German government minister prepares new attacks on the unemployed
20 February 2010
The chairman of the free-market Free Democratic Party (FDP), Guido Westerwelle, has hit the headlines in the past few days with vitriolic attacks on the unemployed.
Westerwelle is the German foreign minister and vice-chancellor of the German coalition government consisting of the FDP and two conservative parties. His latest comments come on the heels of a decision by the Federal Constitutional Court (BVG), which declared that the manner of calculation of so-called Hartz IV welfare payments was unconstitutional.
In a newspaper interview Westerwelle maintained that the discussion over Hartz IV bears “socialist traits,” recalled “late Roman decadence” and called for an “intellectual-political about-turn.” Instead of improving the manner of distribution, the issue of “performance justice” must be at the centre of political debate, he insisted.
Following some criticism of his comments, Westerwelle went on a media offensive. Those who work are increasingly becoming “the idiots of the nation,” he declared, and demanded a completely new start for the German welfare state. It is “a cynical debate when those who work in Germany, who get up and are industrious, must in the meantime apologize for the fact that they can hang on to some returns from their work.”
Most commentators have declared that Westerwelle’s tirades against the welfare state are an attempt to combat his party’s declining popularity. Three months before the crucial state election in North Rhine-Westphalia, the FDP has slumped in the polls from its 14.6 percent support level at the time of the federal election last autumn to its current level of 8 percent. If repeated in the NRW state election, such a poll for the FDP would threaten the existing coalition in the most densely populated state in Germany between the FDP and the Christian Democratic Union (CDU).
There have been a series of signals from inside the CDU pointing towards a possible coalition with the Greens, who are currently riding high in the polls. Should the CDU form a coalition with the Greens in North-Rhine Westphalia—in like manner to Hamburg, where such a coalition already governs—then the conservatives together with the FDP would lose their majority in the Upper House of Parliament, in turn severely weakening the influence of the FDP at a federal level. Many commentators have concluded, therefore, that Westerwelle’s demagogic move to dominate the headlines is his attempt to rectify the FDP’s plunging support.
However, there is more than electoral manoeuvring behind Westerwelle’s frontal attack on the welfare state. Even if his comments have met with some opposition by layers inside the government coalition, all of the governing parties are agreed that a new round of social cuts far exceeding the cuts involved in the Agenda 2010 introduced by the former Social Democratic-Green Party coalition headed by Gerhard Schröder is inevitable.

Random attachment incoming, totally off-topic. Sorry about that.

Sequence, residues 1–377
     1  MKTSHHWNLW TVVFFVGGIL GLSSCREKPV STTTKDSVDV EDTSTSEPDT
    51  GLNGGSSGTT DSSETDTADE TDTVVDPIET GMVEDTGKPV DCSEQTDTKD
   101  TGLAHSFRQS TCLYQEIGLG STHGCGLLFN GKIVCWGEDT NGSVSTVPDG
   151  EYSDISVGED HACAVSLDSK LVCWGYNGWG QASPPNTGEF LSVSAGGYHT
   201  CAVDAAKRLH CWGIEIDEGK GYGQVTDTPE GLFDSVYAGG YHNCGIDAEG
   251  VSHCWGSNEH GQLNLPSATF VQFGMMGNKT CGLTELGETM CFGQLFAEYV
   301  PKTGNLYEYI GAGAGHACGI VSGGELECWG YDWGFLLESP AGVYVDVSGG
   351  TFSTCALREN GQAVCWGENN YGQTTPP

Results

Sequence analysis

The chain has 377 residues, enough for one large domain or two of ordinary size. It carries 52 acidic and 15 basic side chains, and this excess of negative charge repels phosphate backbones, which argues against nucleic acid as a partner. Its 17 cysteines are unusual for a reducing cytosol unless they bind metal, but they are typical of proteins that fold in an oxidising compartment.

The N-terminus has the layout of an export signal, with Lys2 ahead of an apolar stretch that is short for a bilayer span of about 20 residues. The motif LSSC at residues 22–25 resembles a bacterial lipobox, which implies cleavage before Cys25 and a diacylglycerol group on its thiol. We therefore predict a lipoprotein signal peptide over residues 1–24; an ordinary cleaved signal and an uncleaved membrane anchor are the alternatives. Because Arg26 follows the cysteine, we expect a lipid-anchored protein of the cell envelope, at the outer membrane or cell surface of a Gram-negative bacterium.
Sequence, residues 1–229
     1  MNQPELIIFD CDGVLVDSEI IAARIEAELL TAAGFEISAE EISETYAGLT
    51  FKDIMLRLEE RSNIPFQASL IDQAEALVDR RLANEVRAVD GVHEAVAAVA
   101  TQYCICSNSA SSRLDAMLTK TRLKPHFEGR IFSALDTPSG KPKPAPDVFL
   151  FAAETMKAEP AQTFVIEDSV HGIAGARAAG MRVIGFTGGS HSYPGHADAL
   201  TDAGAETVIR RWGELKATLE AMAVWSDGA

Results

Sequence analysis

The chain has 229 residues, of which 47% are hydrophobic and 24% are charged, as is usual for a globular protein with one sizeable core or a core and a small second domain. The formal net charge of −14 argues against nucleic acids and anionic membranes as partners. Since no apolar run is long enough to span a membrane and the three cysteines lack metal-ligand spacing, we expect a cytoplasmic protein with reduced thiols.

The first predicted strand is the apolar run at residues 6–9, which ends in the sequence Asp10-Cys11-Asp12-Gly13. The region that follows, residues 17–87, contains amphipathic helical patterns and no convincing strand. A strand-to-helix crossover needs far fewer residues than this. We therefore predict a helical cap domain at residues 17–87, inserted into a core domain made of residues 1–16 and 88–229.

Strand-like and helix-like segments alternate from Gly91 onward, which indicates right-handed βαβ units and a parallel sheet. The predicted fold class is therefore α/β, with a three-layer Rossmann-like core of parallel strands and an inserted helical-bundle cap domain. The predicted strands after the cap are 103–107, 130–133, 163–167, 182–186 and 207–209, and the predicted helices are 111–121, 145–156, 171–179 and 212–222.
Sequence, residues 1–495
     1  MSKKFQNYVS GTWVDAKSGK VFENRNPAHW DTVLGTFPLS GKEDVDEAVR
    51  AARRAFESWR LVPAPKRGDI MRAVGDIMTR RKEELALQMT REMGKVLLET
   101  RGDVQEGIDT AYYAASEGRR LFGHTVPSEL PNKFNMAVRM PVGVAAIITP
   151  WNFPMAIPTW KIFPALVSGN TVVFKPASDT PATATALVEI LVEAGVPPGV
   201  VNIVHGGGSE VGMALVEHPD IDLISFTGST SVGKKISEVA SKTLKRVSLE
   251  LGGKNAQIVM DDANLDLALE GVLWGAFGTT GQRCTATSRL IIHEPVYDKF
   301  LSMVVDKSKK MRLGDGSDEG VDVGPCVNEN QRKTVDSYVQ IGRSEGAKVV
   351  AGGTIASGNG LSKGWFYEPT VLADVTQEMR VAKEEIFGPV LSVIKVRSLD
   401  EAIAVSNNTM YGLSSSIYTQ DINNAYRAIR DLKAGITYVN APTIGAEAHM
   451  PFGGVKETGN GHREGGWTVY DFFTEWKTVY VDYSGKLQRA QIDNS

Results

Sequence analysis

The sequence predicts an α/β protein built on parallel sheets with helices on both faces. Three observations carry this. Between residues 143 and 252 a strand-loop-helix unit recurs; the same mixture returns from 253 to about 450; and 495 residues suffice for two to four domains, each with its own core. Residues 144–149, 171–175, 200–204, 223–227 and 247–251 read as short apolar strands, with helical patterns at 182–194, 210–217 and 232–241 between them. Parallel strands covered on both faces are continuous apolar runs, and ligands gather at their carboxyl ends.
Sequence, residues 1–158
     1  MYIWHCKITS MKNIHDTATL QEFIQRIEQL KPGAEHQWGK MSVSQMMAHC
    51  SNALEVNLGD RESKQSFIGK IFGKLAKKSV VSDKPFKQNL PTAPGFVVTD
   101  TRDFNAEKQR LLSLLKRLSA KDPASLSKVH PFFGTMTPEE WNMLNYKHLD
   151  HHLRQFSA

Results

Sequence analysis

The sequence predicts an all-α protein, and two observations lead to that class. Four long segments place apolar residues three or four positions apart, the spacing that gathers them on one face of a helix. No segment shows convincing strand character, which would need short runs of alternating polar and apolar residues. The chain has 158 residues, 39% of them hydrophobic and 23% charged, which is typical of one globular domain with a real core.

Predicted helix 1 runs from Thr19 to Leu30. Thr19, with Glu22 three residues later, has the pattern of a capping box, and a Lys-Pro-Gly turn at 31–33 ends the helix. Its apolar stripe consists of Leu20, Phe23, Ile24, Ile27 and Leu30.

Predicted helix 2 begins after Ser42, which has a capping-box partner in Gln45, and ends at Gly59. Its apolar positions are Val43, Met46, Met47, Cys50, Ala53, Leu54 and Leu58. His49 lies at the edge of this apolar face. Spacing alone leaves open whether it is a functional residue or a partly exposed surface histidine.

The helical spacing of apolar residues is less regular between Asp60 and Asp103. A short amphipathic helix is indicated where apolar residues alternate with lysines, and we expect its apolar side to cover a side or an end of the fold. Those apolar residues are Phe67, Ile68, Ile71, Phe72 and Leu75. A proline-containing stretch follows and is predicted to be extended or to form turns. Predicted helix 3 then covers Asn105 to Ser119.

The “brake on debt” introduced by the previous grand coalition (SPD and conservative parties) into the German constitution requires the government to implement annual cuts in the region of tens of billion euros. Both the defence budget and the government’s massive debt relief for the banks have been excluded from any cuts, meaning that the savings must be made in the field of pensions, health care, jobs and welfare payments. In any event, most municipalities that are also affected by the debt brake are already confronting bankruptcy.
It is notably the German government and economic representatives who are demanding that the Greek government recover its debts by painful cuts in public expenditure and wages. In this respect Greece is a test case for all of Europe, including Germany.
Westerwelle’s comments have met with criticism because many representatives of the ruling elite are concerned that one should not unnecessarily provoke the victims of the next round of cuts. The economic crisis has already forced many families to the brink of bankruptcy while the government pumps hundreds of billions to the banks. Deutsche Bank is once again making record profits and a series of revelations have emerged over the activities of millionaire tax evaders in Switzerland. Against this background it is not surprising that Westerwelle’s fiery speeches have met with some opposition from those social layers he traditionally looks upon as his own constituency.